I have previously explained how for Ludwig von Mises, democracy is necessary for the libertarian society because of its usefulness in achieving and maintaining social peace, insofar as social peace Continue Reading
I have previously explained how for Ludwig von Mises, democracy is necessary for the libertarian society because of its usefulness in achieving and maintaining social peace, insofar as social peace is a prerequisite for economic and civil liberty.
This time I want to explain an idea that is implicit in Mises’s subjectivist philosophy and that leads him to defend democracy, understood as the consent of the governed, but which may go unnoticed because it is dispersed throughout his work: a “philosophy of consent.” Mises’s philosophy of consent is not a “value judgment,” but a “factual judgment”—a description of the functions—of human action in the realm of norms, authorities, and government.
Demythologization of Social Conventions
Mises explains that free-market liberalism, or libertarianism, is part of the Enlightenment movement and is its most faithful successor. Between the seventeenth and eighteenth centuries, this movement intellectually freed individuals from their obedience to authority based on mere tradition. Through the use of reasoning, they were freed from their philosophical chains forged with supposedly objective and eternal moral values—that demanded obedience for the benefit of kings, clergy, noble landlords, guilds, and other authorities. Mises described this process as follows:
The social order created by the philosophy of the Enlightenment assigned supremacy to the common man. In his capacity as a consumer, the “regular fellow” was called upon to determine ultimately what should be produced, in what quantity and of what quality, by whom, how, and where; in his capacity as a voter, he was sovereign in directing his nation’s policies.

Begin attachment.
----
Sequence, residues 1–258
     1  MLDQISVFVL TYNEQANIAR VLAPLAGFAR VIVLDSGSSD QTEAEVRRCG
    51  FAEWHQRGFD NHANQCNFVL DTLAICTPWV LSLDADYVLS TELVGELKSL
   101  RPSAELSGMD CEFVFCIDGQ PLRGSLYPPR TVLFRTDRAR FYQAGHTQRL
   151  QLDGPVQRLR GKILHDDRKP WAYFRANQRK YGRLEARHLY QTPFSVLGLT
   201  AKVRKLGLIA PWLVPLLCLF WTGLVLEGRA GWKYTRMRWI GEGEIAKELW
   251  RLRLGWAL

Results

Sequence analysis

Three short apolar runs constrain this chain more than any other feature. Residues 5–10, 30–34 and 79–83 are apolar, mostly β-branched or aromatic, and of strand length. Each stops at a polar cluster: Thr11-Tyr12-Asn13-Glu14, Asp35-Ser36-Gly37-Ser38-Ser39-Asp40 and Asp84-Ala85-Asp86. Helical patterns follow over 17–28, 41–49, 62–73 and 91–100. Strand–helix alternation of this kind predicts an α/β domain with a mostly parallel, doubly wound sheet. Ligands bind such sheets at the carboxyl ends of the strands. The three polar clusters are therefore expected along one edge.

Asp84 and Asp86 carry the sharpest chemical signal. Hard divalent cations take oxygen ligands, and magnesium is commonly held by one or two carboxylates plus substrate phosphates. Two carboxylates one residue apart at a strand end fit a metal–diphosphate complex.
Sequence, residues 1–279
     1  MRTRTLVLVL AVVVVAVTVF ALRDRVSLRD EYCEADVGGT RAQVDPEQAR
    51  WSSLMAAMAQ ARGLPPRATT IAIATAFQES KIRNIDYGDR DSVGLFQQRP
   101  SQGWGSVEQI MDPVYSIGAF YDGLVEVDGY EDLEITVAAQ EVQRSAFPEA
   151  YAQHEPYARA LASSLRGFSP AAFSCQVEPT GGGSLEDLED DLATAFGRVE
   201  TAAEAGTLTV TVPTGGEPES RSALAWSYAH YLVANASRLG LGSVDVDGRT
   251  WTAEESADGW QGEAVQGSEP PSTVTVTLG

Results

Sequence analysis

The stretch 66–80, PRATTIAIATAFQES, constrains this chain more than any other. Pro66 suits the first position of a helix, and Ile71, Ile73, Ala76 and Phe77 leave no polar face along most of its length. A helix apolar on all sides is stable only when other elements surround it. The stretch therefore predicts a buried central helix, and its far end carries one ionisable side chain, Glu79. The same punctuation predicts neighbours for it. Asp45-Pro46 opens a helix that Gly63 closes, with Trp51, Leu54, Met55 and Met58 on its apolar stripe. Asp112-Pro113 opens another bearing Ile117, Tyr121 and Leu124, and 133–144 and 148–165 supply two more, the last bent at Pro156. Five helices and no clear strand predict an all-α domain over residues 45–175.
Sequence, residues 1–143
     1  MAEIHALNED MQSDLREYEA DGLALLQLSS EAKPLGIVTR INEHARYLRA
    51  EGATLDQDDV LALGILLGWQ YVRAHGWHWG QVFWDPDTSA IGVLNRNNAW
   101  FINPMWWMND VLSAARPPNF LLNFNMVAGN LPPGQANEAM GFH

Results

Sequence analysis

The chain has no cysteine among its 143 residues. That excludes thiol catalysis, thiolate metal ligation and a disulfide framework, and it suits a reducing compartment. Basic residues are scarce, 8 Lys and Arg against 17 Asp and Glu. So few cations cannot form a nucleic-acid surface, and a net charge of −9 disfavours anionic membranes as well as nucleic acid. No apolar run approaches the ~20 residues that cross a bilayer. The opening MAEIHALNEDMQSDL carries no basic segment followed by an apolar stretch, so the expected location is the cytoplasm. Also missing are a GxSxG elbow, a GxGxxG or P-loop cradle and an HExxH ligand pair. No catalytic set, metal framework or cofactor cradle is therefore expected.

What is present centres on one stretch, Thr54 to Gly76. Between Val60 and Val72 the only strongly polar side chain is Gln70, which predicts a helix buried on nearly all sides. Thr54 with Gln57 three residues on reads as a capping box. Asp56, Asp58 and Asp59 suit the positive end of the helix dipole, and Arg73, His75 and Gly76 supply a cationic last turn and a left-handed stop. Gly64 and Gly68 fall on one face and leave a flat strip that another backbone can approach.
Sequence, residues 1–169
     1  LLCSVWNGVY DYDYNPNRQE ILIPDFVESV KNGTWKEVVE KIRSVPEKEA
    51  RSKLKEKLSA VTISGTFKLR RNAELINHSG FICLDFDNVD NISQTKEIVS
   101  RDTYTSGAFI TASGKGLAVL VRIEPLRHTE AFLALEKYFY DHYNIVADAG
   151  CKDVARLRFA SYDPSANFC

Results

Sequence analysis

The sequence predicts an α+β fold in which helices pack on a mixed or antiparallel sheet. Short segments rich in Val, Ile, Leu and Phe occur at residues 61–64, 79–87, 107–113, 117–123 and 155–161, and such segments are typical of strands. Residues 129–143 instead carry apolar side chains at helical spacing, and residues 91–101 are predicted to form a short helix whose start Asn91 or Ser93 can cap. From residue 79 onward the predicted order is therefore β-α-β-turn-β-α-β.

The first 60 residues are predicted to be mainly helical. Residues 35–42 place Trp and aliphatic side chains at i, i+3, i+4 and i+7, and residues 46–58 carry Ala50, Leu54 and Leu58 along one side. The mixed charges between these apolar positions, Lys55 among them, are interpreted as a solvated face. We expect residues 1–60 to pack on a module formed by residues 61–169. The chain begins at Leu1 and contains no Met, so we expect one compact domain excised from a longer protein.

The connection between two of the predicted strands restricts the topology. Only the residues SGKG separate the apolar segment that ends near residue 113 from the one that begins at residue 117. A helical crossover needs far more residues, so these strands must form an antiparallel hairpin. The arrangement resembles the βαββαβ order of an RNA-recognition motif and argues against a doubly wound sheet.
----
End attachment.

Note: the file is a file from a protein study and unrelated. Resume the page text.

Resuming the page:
However, the first generation of enlightened-liberals often confronted essentialist authoritarianism that appeal to an “essentialist” individualism—see “natural rights,” “absolute justice,” and other ethical fallacies of appealing to “nature”—something that in Misesian logic meant freeing oneself from some myths and replacing them with other myths. The old Enlightenment was then perfected in utilitarianism, with David Hume as a close precursor, and then restated by Mises, freeing itself from the myths of essentialism. Mises explained the value of utilitarianism as follows:
It is useless to emphasize that nature is the ultimate arbiter of what is right and what is wrong. Nature does not clearly reveal its plans and intentions to man. Thus the appeal to natural law does not settle the dispute. It merely substitutes dissent concerning the interpretation of natural law for dissenting judgments of value. Utilitarianism, on the other hand, does not deal at all with ultimate ends and judgments of value. It invariably refers only to means.
Utilitarianism overcame essentialist individualism with an “existentialist,” or subjectivist, individualism. This subjectivist individualism postulates that we can know nothing about the objective essences or moral values or purposes to which we are subject. We only know that there are individuals who construct and dynamically change the values of what they call “good” and “bad,” which in reality only means “I like” and “I don’t like.” As Mises explains:
All judgments of value are personal and subjective. There are no judgments of value other than those asserting I prefer, I like better, I wish. It cannot be denied by anybody that various individuals disagree widely with regard to their feelings, tastes, and preferences and that even the same individuals at various instants of their lives value the same things in a different way. In view of this fact it is useless to talk about absolute and eternal values. This does not mean that every individual draws his valuations from his own mind. The immense majority of people take their valuations from the social environment into which they were born, in which they grew up, that moulded their personality and educated them. Few men have the power to deviate from the traditional set of values and to establish their own scale of what appears to be better and what appears to be worse.